Architecture Ranked as 10th Best Entry-Level Job out of 109 Professions

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Architecture Ranked as 10th Best Entry-Level Job out of 109 Professions

(via Archdaily)

Architects are famously cynical about the long hours and over-education required for what can be a thankless career. But in a recent study conducted by WalletHub, “2016’s Best & Worst Entry-Level Jobs”, recent grads and seasoned professionals alike may be surprised to find that “architect” is ranked 10th out of 109 evaluated professions. Read on to find out how they calculated their result.

The study’s assessment hinged on 11 key metrics outlined below:

Immediate Opportunity

  • Median Starting Salary
  • Number of Job Openings
  • Unemployment Rate

Growth Potential

  • Projected Job Growth by 2024
  • Income Growth Potential
  • Typical On-the-Job Training
  • Median Annual Salary
  • Median Tenure with Employer
  • Occupation Viability Score (the probability of a certain occupation being replaced with a computer)

Job Hazards

  • Number of Fatal Occupational Injuries per 100,000 Employees in Past Three Years
  • Typicality of Working More than 40 Hours per Week

Establishing that most job-market newcomers are seeking a career that combines a high starting salary with long term growth potential and increasing responsibility, architects scored 60.39 in WalletHub’s data set, trailing top-ranked engineers (score of 69.67) by less than 10 points. That being said, the study doesn’t appear to consider the debt that many architects graduate with, and it also doesn’t specify where this study was conducted. Also, though many of the top professions could be based in cities, architecture firms seem to hold affinities to urban environments above other careers, adding cost-of-living as a potential gouge to earnings. Nonetheless, the information should be reassuring to those deciding if they would like to pursue a career in architecture and also to the long term viability for the profession.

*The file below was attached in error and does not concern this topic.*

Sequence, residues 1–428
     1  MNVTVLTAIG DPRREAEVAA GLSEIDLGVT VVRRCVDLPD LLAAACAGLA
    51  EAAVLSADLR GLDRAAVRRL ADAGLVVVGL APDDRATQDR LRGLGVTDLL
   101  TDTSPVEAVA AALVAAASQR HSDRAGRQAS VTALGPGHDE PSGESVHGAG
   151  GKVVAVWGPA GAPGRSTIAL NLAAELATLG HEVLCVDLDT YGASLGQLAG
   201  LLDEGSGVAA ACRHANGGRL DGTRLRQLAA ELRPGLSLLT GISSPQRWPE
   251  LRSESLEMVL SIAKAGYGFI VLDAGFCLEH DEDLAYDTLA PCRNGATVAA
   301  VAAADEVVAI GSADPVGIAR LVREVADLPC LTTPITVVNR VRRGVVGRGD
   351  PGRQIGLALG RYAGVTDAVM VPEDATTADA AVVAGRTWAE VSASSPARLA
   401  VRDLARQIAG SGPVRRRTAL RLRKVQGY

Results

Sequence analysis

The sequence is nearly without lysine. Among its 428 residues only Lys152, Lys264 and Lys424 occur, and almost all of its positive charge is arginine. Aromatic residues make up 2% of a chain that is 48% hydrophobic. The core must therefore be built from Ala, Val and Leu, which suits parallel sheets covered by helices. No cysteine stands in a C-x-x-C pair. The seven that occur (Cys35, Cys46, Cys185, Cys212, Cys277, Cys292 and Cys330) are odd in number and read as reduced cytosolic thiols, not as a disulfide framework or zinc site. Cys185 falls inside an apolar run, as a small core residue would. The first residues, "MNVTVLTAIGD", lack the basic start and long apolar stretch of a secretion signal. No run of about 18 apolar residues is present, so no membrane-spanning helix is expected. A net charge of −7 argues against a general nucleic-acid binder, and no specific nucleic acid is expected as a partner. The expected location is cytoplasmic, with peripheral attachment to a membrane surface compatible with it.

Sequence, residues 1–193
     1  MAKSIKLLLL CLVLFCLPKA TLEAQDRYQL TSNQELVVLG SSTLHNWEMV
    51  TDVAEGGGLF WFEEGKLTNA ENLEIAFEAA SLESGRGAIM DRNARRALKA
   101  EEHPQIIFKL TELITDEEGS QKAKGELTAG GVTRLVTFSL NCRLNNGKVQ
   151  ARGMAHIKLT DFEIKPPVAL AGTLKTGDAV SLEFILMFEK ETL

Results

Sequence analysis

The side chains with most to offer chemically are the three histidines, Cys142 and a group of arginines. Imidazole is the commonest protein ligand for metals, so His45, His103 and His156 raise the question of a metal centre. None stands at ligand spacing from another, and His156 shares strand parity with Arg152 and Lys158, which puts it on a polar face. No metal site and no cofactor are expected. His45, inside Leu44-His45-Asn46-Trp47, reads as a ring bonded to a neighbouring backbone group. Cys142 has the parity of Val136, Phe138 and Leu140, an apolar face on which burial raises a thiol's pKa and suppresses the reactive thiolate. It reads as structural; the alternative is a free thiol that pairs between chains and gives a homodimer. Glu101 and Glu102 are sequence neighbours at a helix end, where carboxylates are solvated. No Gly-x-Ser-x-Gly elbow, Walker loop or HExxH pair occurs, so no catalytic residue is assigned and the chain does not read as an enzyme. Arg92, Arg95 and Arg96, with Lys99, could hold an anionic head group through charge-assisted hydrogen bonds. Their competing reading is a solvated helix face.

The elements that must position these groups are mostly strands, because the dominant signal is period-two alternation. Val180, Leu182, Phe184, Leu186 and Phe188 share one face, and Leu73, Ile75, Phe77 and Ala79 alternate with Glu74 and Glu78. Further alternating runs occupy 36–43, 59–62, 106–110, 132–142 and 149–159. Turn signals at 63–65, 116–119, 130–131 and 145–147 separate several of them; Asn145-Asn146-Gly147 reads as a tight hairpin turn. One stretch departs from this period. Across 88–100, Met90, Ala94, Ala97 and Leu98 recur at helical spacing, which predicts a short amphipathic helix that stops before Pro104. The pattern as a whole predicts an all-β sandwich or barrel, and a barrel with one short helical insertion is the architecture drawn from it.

Sources for the Study: Data used to create these rankings were collected from the U.S. Bureau of Labor Statistics, Oxford Martin School at the University of Oxford, and

(visit Archdaily)